Journalists and PR professionals need each other, but we see the world from entirely different points of view. While our needs are somewhat symbiotic, we have different goals and visions of success. As a PR pro, it is in your best interest to develop strong relationships with the writers who cover your space. This is easier if you think of things from their prospective from time to time. To that end, we’ve compiled a short list of questions you should avoid if you want to remain on your contact’s good side.
Can I review the story before it is published?
No. No, you can’t. Journalists are ethically obliged to report facts and observations, not marketing materials. If you want to have complete control over what is published about your brand, you’ll need to buy an ad. Otherwise, you’ll have to trust the journalist and their editors to get the story right.
Can we reschedule our call?
In most cases, you are lucky to have gotten on the schedule in the first place. Asking to reschedule is the same as telling the reporter that they are not as important as whatever else you have going on. Most PR pros know this, but it is important that your clients or brand spokespeople internalize this as well. Once you have a time for a call, make it happen.
Will you send me a copy of the magazine/newspaper?
Reporters are not administrative assistants. Having the printed piece is worth the investment to buy it. Some publications will be happy to sell you reprints of an article – for a fee. Talk to the advertising department about this, not the journalist.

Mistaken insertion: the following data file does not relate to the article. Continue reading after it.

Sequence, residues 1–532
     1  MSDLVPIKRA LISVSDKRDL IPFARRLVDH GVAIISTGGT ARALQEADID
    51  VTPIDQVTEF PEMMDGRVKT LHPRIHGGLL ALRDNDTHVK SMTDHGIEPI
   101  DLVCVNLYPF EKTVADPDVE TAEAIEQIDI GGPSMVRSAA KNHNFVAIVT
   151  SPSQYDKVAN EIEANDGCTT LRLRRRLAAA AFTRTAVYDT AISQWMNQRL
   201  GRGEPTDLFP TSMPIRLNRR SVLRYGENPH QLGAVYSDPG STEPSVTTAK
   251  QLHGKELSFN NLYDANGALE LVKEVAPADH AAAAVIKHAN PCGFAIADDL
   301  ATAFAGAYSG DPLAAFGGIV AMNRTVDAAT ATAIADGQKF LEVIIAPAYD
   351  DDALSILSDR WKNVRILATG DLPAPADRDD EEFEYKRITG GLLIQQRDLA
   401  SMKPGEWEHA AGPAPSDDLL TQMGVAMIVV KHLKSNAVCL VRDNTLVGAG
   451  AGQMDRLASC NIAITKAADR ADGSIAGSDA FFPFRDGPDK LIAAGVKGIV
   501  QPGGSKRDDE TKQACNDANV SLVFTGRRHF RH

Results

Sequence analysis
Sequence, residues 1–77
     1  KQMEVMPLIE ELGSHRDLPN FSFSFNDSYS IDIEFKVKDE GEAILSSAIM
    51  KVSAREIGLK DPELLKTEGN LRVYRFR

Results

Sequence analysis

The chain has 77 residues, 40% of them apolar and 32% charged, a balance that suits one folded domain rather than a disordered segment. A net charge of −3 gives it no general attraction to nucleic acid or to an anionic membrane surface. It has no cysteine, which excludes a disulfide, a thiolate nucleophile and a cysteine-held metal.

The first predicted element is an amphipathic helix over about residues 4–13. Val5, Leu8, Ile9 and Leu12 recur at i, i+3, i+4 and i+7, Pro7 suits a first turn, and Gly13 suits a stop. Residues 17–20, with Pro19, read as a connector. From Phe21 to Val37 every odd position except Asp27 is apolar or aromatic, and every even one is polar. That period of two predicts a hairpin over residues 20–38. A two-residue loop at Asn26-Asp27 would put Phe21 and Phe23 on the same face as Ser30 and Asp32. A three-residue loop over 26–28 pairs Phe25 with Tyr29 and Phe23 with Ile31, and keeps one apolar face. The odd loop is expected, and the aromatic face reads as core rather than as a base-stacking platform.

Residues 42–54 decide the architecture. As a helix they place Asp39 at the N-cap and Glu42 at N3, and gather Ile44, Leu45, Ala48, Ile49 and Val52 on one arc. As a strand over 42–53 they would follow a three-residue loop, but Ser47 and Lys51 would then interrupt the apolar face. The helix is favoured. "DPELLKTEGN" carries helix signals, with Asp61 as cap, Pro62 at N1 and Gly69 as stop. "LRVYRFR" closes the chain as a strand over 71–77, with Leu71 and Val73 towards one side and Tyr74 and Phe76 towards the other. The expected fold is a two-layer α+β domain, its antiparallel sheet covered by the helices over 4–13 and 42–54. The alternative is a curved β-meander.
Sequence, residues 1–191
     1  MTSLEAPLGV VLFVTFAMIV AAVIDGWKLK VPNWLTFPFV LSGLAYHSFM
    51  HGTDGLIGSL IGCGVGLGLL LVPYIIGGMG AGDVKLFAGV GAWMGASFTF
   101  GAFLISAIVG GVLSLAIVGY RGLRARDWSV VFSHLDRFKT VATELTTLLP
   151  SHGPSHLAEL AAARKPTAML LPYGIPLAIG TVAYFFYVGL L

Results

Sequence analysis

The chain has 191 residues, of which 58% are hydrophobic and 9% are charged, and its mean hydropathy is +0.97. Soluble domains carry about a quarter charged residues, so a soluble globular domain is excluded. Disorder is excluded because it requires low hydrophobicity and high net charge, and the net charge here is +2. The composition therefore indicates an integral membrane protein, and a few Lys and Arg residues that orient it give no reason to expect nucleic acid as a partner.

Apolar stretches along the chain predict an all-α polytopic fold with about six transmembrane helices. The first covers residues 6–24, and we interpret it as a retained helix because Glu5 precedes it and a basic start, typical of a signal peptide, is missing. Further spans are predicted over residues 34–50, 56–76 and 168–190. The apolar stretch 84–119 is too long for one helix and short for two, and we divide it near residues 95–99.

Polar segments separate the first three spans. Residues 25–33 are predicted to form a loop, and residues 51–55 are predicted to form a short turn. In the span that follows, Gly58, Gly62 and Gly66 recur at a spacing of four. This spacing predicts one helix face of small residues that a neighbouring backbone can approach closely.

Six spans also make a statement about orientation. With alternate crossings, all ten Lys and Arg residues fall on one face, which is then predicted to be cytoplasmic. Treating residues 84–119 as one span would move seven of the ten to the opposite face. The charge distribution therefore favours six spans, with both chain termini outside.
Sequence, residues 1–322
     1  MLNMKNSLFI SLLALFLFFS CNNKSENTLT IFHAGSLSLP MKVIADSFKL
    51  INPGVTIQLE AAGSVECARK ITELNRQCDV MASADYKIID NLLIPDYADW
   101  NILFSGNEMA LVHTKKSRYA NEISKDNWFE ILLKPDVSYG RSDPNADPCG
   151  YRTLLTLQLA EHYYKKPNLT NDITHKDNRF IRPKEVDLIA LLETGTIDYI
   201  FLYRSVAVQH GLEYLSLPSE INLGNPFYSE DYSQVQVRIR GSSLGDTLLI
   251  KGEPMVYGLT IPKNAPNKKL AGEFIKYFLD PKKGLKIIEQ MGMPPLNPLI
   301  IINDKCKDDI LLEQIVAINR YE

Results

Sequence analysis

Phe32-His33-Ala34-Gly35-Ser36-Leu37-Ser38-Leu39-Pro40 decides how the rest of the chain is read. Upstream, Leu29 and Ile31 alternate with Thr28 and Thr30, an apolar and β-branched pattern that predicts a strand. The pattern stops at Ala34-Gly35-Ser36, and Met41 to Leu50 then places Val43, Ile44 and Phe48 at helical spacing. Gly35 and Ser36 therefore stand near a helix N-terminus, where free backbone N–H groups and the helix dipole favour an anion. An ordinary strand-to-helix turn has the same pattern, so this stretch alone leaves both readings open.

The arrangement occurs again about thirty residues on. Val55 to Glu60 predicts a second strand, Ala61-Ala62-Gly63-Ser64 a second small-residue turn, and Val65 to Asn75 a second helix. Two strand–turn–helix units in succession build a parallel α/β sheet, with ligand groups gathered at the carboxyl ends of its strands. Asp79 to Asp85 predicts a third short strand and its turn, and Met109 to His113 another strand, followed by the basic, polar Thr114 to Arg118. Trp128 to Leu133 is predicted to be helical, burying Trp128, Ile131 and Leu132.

Did you get my email?
I actually think that most people hate this question because it is a bit of an accusation. If the answer is “yes” and they cared about it enough to act, you’d already know they got it. This isn’t to say, that you can’t follow up. After an appropriate interval (not immediately after hitting “send”), it is fine to call and say that you are following up to see if you can provide any more information about your subject.
Can we schedule a meeting so that I can tell you my news?
If you can’t craft an email or press release that will get the journalist’s attention, don’t expect that you’ll be able to do it over the phone. Time is valuable and it must be earned with a compelling pitch. It isn’t reasonable to expect a reporter to give you a meeting before they know if they are interested in the news.
It is important to keep in mind that journalists are more than just a handy conduit for your brand’s messages. Approach your relationship with the goal of building trust and respect. What you really want is to be the PR person that actually makes the journalist’s life easier.